Mon, Aug 17, 2009 - Page 9 News List

Town hall talks on US healthcare: Anger, fear, lunacy and lies

The heckling crowds, encouraged by conservative groups to create a sense of widespread outrage about healthcare reform, are spreading untrue claims

By John Whitesides  /  REUTERS , WASHINGTON

The sound and fury at US “town hall” meetings on healthcare reform have revealed as much about conservatives’ fear of US President Barack Obama as about health issues — and in the end might have little significance in the broader debate.

The angry crowds that disrupted recent public information sessions on the healthcare overhaul have voiced a range of concerns, from an expanding federal deficit to emotional warnings about Obama’s “socialist” policies.

The shouting captured media attention and overshadowed debate on the complex details of Obama’s top domestic priority, but the furor could limit the influence of the town hall meetings when lawmakers take up the issue again in September.

“A lot of this is the base of the two parties screaming at each other and I don’t know if it’s changing a lot of minds one way or the other,” Republican consultant Dan Schnur said.

“It just turns people off,” said Jim Kessler, vice president for policy at the moderate think tank Third Way.

He said extreme elements on each side are battling and “for everyone else this is a revolting spectacle.”

At times, the meetings have been a pretext for an emotional and often extreme debate about a changing US and Obama, a Democrat who in his seven months in office has won a costly auto industry bailout and a rescue package for the economy.

“This is about the systematic dismantling of this country,” a woman told Democratic Senator Arlen Specter on Tuesday at one of two raucous meetings in Pennsylvania, where shouting crowds said the US was heading the way of Russia and “Maoist China.”

A man told Specter to “tell Obama to represent us as an American.”

When Specter said the president was, the crowd roared in disagreement.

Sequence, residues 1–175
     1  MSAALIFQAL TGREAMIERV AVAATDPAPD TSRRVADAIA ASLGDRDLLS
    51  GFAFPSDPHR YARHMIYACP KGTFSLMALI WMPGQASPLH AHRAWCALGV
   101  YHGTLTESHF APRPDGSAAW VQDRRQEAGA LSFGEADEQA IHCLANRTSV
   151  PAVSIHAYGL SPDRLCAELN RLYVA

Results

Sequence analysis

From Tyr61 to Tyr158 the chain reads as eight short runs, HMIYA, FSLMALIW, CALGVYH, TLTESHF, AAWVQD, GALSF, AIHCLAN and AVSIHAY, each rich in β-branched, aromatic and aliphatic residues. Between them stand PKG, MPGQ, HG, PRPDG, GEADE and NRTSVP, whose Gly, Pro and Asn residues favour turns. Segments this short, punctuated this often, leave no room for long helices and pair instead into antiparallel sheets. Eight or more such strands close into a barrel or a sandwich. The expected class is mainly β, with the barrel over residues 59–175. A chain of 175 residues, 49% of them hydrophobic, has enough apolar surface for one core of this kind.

“I think there is a mood in America of anger,” Specter, a longtime Republican who switched to the Democrats earlier this year, told CBS’s Early Show on Wednesday.

“With so many people unemployed and so much bickering in Washington, people are disgusted with the partisanship and with the fear of losing their healthcare. It all boils over,” Specter said.

The heckling crowds — encouraged by Republican and conservative groups and talk show hosts to help create a sense of widespread outrage about healthcare reform — have frequently spotlighted inaccurate charges such as the creation of “death panels” to decide the level of care for the elderly.

That forced the president to publicly declare at his own town hall meeting in New Hampshire on Tuesday he does not want to “pull the plug on grandma.”

He condemned the “scare tactics” of healthcare reform opponents.

Obama, the first black US president, has seen those tactics before. During the presidential campaign, he battled Internet rumors that he was a secret Muslim and that he refused to say the Pledge of Allegiance.

A group known as “birthers” has challenged the legitimacy of Obama’s place in the White House, refusing to accept he was born in the US despite documented evidence of his birth in Hawaii.

That charge has also been raised at some healthcare sessions, giving Democrats an easy avenue to counter-attack.

“Many of these people are birthers. The birthers are absolutely nuts,” Pennsylvania’s Democratic Governor Ed Rendell told MSNBC. “I have never seen ugliness and rage like this in the 32 years I’ve been in politics.”

Cal Jillson, a political analyst at Southern Methodist University in Dallas, Texas, said the most disruptive crowd members were often the people who supported Republican vice presidential candidate Sarah Palin during the campaign.

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